Banksia seminuda facts for kids
Quick facts for kidsriver banksia
|B.seminuda cultivated in
Mount Barker, Western Australia
Banksia seminuda, commonly known as the river banksia, is a tree in the plant genus Banksia. It is found in south west Western Australia from Dwellingup (32°42′ S) to the Broke Inlet east of Denmark (34°57′ S). It is often mistaken for, and was originally considered a subspecies of, the Banksia littoralis (Swamp Banksia). Stephen Hopper described the subspecies remanens as a short-leaved shrubby form found in the coastal sands below granite outcrops in the Walpole-Nornalup National Park, however George does not feel this form warrants taxonomic recognition as it lies within the normal variability of the species and there was no clear distinction between it and the other populations of B. seminuda.
The river banksia generally grows as a tree up to 25 metres (80 ft) tall with a usually brown to grey trunk covered with a hard grey furrowed bark. The tree trunk is often straight and tall as the species generally grows in sheltered forest areas. The leaves are arranged on the stems in whorls. Measuring 5–12 centimetres (2–4 3⁄4 in) long and 1–1.8 centimetres (1⁄2–3⁄4 in) across, they are linear in shape with serrated margins. The upper leaf surface is finely furred becoming smooth, while the undersruface is covered in white fur.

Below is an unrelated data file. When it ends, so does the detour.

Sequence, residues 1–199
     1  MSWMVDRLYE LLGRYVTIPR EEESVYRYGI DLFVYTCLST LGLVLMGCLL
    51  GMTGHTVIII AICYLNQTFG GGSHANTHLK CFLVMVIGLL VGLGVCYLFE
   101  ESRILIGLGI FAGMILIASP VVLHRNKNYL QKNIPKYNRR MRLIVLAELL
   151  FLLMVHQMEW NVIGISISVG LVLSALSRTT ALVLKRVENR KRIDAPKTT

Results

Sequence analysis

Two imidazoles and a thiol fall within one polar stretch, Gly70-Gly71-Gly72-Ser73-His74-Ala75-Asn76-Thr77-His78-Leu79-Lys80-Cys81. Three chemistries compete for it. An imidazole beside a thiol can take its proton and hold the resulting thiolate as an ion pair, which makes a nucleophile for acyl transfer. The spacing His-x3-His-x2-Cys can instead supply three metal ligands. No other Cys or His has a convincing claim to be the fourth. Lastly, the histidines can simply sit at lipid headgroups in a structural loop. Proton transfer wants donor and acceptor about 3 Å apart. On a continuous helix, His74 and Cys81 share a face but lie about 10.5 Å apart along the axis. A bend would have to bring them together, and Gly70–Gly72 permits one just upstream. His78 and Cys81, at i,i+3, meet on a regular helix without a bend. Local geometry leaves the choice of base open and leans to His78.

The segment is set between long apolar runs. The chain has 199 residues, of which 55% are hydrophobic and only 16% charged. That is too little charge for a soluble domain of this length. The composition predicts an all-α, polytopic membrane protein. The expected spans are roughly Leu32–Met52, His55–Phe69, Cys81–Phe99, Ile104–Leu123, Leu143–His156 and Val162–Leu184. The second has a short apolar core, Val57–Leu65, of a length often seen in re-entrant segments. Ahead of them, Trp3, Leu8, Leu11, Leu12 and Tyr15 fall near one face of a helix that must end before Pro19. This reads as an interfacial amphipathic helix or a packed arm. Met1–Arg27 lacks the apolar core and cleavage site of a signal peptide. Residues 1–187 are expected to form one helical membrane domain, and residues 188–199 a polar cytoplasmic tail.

Flowering occurs between late summer and late winter. The yellow (occasionally red) flower spikes grow up to 200 mm (8 in) high by 70 mm (3 in) wide, the fruiting cones can remain on the trees for many years after shedding the flowers early. Its leathery leaves are between 70 mm (3 in) and 120 mm (5 in) long with fine teeth, subspecies remanens leaves have few if any teeth except at the tips of the leaves.
The type specimen of Banksia seminuda was collected on 15 May 1973 in Nanga Brook, Western Australia by Alex George, who described it in 1981 as a subspecies of B. littoralis. He had published a taxonomic arrangement of Banksia in his landmark 1981 monograph The genus Banksia L.f. (Proteaceae).
In 1984, botanist Barbara Rye of the Western Australian Herbarium noted that the two species did not interbreed when they occurred in stands together in the Two Peoples Bay region. This was despite an overlap in their flowering seasons. The bark of the trunk and flower structure differed greatly between the species. B. seminuda grew alongside rivers while B. littoralis grew in wet depressions.
Endlicher's Eubanksia became B. subg. Banksia, and was divided into three sections, one of which was Oncostylis. Oncostylis was further divided into four series. After its discovery, B. seminuda placed in series Spicigerae because its inflorescences are cylindrical.
In 1996, Kevin Thiele and Pauline Ladiges published a new arrangement for the genus, after cladistic analyses yielded a cladogram significantly different from George's arrangement. With respect to B. seminuda, their findings largely accorded with George's arrangement: section Oncostylis was discarded as polyphyletic, but series Spicigerae was inferred to be monophyletic, and B. seminuda appeared as the closest relative of a clades of B. littoralis and B. verticillata: